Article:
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FOR IMMEDIATE RELEASE                                Jan. 27, 2011





(Thur., Jan. 27, 2011) – The City’s Department of Environmental Services wants to set the record straight as to a Hawaii News Now (HNN) report that aired Wednesday night regarding issues at the Waimanalo Gulch Sanitary Landfill, which included inaccurate and some blatantly incorrect information .


The HNN report started off by claiming a “document has come to light, showing that Waste Management of Hawaii (WMH), the operator of the Waimanalo Gulch Landfill, and the city were fined $424,000 last year for design failures at the landfill.”  This implies that the document was somehow kept secret from the public.  On the contrary, the document was publicly announced via a press release from the state Department of Health May 13, 2010 and then further publicized by various local media outlets May 13-15, 2010.  Obviously, this document is not something that was “uncovered” recently.


Further, the report quotes Carroll Cox as stating “the failure to follow the design [as alleged in the May 2010 enforcement action] contributed to the problems that arose when floodwaters went through the landfill and spread refuse and medical waste along the Leeward Oahu Coast”  This is a blatantly incorrect statement that HNN did not attempt to verify.  In actuality, the West Berm, which was the subject matter of the May 2010 enforcement action, is approximately 150 feet south of the section of the landfill impacted by the storms and was constructed and completed in 2007 to prevent any east-to-west movement of other parts of the landfill.  In other words, the West Berm has no correlation to what happened as a result of the three extremely large storms on Dec. 19, Dec. 28, and Jan. 13.  In fact, the West Berm acted as a dam to keep the waters from the valley from further impacting the landfill.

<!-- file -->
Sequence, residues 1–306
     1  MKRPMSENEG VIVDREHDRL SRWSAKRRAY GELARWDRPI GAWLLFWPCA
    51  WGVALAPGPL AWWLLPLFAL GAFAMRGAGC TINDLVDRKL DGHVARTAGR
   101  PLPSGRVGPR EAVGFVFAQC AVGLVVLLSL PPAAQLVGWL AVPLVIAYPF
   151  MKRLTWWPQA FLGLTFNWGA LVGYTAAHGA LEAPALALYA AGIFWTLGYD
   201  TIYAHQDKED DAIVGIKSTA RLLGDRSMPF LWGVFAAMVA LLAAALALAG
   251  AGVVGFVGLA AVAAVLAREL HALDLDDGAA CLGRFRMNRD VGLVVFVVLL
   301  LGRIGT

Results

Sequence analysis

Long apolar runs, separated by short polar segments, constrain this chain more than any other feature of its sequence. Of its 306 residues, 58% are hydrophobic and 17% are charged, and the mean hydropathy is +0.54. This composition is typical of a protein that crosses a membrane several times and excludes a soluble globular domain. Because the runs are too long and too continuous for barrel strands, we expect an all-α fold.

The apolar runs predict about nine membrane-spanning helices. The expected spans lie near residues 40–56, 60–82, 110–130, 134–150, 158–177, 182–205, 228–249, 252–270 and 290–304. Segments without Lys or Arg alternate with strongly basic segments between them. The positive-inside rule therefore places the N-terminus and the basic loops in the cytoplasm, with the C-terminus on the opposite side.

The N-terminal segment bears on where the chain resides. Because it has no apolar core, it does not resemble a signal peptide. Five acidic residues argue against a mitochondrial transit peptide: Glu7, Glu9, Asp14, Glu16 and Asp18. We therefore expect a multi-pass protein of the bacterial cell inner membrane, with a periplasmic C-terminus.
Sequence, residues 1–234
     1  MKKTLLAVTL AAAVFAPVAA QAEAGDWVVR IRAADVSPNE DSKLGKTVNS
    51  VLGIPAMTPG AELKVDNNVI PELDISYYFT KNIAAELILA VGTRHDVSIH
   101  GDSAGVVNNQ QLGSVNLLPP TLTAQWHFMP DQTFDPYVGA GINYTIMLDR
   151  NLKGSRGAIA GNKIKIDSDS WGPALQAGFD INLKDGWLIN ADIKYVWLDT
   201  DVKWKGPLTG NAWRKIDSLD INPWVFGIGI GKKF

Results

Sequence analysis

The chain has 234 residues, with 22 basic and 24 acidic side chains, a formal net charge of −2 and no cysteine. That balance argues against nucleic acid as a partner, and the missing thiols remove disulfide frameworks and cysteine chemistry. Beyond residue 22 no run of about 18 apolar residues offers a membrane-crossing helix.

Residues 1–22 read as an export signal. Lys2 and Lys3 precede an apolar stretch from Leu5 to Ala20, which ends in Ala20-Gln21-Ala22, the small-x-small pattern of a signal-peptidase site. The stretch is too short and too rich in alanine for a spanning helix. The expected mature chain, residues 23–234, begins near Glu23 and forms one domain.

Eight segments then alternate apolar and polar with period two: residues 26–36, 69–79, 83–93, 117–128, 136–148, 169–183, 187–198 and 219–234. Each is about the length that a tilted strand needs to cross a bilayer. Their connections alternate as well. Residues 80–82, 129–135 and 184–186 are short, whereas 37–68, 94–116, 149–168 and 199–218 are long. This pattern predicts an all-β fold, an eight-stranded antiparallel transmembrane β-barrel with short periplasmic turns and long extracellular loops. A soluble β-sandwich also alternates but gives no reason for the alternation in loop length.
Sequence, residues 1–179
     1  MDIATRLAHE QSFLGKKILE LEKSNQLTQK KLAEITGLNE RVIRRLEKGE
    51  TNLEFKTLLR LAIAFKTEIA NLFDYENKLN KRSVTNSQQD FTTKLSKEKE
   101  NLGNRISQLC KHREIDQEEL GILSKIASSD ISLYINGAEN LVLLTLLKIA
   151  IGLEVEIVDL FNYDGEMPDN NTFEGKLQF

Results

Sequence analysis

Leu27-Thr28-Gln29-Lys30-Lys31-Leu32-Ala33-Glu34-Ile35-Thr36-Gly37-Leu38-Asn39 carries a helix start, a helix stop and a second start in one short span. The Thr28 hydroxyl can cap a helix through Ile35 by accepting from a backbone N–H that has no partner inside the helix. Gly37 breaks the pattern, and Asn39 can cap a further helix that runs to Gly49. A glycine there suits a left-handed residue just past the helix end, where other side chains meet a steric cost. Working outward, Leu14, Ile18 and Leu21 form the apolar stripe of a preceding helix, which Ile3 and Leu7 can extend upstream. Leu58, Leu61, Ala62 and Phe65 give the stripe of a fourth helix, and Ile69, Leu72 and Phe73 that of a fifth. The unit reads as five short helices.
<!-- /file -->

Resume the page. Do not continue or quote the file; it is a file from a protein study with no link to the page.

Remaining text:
HNN also reported that the May 2010 enforcement action resulted in fines at the cost to the taxpayer.  This is again a wholly incorrect statement of the facts.  The two enforcement actions referenced in the article initially assessed fines of $2.8 million and $424,000.  However, WM resolved these actions via settlement and paid significantly lower fines than was reported. For the $2.8 million fine, WM settled the matter for a penalty of approximately $1.5 million in cash and supplemental environmental projects. For the $424,000 fine, WM paid $100,000 in cash. Moreover, Steve Chang, Branch Chief of the Department of Health Solid and Hazardous Waste Branch, the branch that oversees the landfill, was quoted in a Honolulu Advertiser article May 14, 2010, as stating that “the failure to follow the design specification that Waste Management’s own subcontractors had created did not create a safety issue.”  Finally, per the contract between the City and Waste Management, these fines were the responsibility of the operator, WM.  WM paid the fines determined via settlement in full and the City and taxpayers did not pay any part of the fine.


The piece also quotes Carroll Cox as stating that “water got behind the liner and into the cell.”  This is another inaccurate statement and reveals a lack of understanding of the construction of the landfill.  The water did not “get behind the line.”  The liner acts as a barrier between the waste that sits on top of the liner and the soil beneath.  The waste in turn is covered, not by the liner, but by landfill cover, which is comprised of dirt and soil.


The City and WMH hope that the above corrections get equal attention as the false and incorrect information in last night’s report.  The corrections do not simply explain our position but present facts as opposed to mere supposition.